Hello, my friends. A very happy new year to you. I hope your 2019 has gotten off to a jolly good start!
Today I would like to take you to a place in Scotland that is extra special to me. I know, I know…you think that I feel that way about every place in Scotland! Haha, you know me too well, dear reader. And ’tis true, I suppose. But this place really does put a skip in my plaid heart.
Isn’t is lovely? This is Pilrig House, a historic Scottish townhouse located in Edinburgh, next to the burgh of Leith. It is theorized that the name ‘Pilrig’ may have derived from the former ‘Peilrig’ and ‘Pellryge’ (rig=ridge), where a peel tower stood in the 15thcentury. According to pilrighouse.com, “stonework in the basement walls suggests the remains of a peel tower”. For a newby history geek like me, that is fascinating.
Pilrig House is situated on the edge of Pilrig Park.
Though it lies in the midst of the hustle and bustle of the city, you would never believe it. With the home’s immaculate gardens and the expanse of the park, you feel as if you could be lodging in the quiet of the Scottish countryside. Mr. C and I have had the pleasure of staying at Pilrig House twice (more on that in a bit).
It is thought that Pilrig House was once the country home of Mary of Gueldres (c.1434-1463), the Queen Consort of Scotland as wife of King James II. How posh! In the 16thcentury, Pilrig House was owned by the fabulously named Sir Patrick Monypenny, Baron of Brochton. By 1560, the tower was being used as a field gun battery during the Seige of Leith. (Oh don’t you worry, my friend. This nerd has already jotted that down as a future topic – ha.)
In 1638, a gentleman by the name of Gilbert Kirkwood purchased the estate and rebuilt the house as a gift to his bride, Margaret Foulis. The house as it looks today is the product of his vision.
But perhaps the most compelling facet in the history of Pilrig House is its connection to one of Scotland’s great literary sons. In 1718, Pilrig House was purchased by the ancestors of Margaret Isabella Balfour, mother of the one and only Robert Lewis Balfour Stevenson – a.k.a., Robert Louis Stevenson!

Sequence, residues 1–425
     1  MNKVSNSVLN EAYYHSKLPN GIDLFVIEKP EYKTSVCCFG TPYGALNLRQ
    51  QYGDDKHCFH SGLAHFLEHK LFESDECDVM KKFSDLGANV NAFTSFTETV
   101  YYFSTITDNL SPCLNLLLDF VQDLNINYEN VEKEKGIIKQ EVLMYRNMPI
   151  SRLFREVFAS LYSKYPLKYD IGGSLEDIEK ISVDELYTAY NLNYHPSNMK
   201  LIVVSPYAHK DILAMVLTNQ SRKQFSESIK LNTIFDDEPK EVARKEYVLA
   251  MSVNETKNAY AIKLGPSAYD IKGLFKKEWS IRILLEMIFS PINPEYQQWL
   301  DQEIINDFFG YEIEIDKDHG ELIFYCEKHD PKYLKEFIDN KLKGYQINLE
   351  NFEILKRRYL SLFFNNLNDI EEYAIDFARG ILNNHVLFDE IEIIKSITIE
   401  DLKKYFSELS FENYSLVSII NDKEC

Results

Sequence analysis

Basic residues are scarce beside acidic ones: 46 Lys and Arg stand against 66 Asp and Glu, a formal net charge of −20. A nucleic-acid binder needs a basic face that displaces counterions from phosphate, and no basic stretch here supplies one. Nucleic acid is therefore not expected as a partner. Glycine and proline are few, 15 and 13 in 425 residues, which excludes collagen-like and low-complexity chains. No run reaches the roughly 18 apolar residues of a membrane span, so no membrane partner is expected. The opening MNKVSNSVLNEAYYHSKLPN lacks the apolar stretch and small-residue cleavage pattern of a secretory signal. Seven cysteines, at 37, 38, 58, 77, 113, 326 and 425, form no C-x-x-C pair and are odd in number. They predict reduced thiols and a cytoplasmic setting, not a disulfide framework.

Margaret grew up at Pilrig House and the esteemed RLS actually played there as a child. In fact, he referred to the house in his novel Catriona, and according to pilrighouse.com, the house “may also have been the inspiration for the ‘House of Shaws’ in Kidnapped”. The home remained with the Balfour family until around the time of WWII, at which time it fell into the care of the Edinburgh Council.
“I came in view of Pilrig, a pleasant gabled house set by the walkside among some brave young woods.” -from Catriona, by Robert Louis Stevenson
Sadly, a fire destroyed the home’s interior in the early 1970’s, but thanks to an extensive restoration project in the early 1980’s, the interior was rebuilt into a six-apartment configuration. Today, two of those apartments are available as vacation rentals (the remaining four contain permanent residents). The flats are managed by Scottish owners, Philip and Debbie Martin, two of the kindest and most interesting souls you will ever meet. They actually live in one of the apartments. Philip, an enthusiastic amateur historian and gardener, loves interacting with his guests. Debbie has a background in publishing and now does a tremendous job of running their self-catering flats.
Pilrig House is an excellent home-base for a trip to Edinburgh. It sits within walking distance of Edinburgh City Center as well as Leith. If one would rather take public transportation, a city bus can be caught just outside of the park.
Mr. C and I have spent a combined total of thirty nights at Pilrig House. I would be lying if I said it didn’t set the bar for every other place we will ever stay! Sparkling clean, quiet, cozy, and set up with every single amenity you could possibly think of, Pilrig House is a gem among gems. I feel so thankful for the time we have spent there.
I don’t know what the future holds for Pilrig House as a self-catering rental, as I imagine one day Philip and Debbie will be looking toward retirement. But if you get the chance to visit Edinburgh, consider Pilrig House as your home away from home. Don’t pass up a chance to experience a remarkable piece of Scottish history before the opportunity is potentially gone. Trust me, friend. You will not be sorry you did.
Have a terrific week. See ya again soon!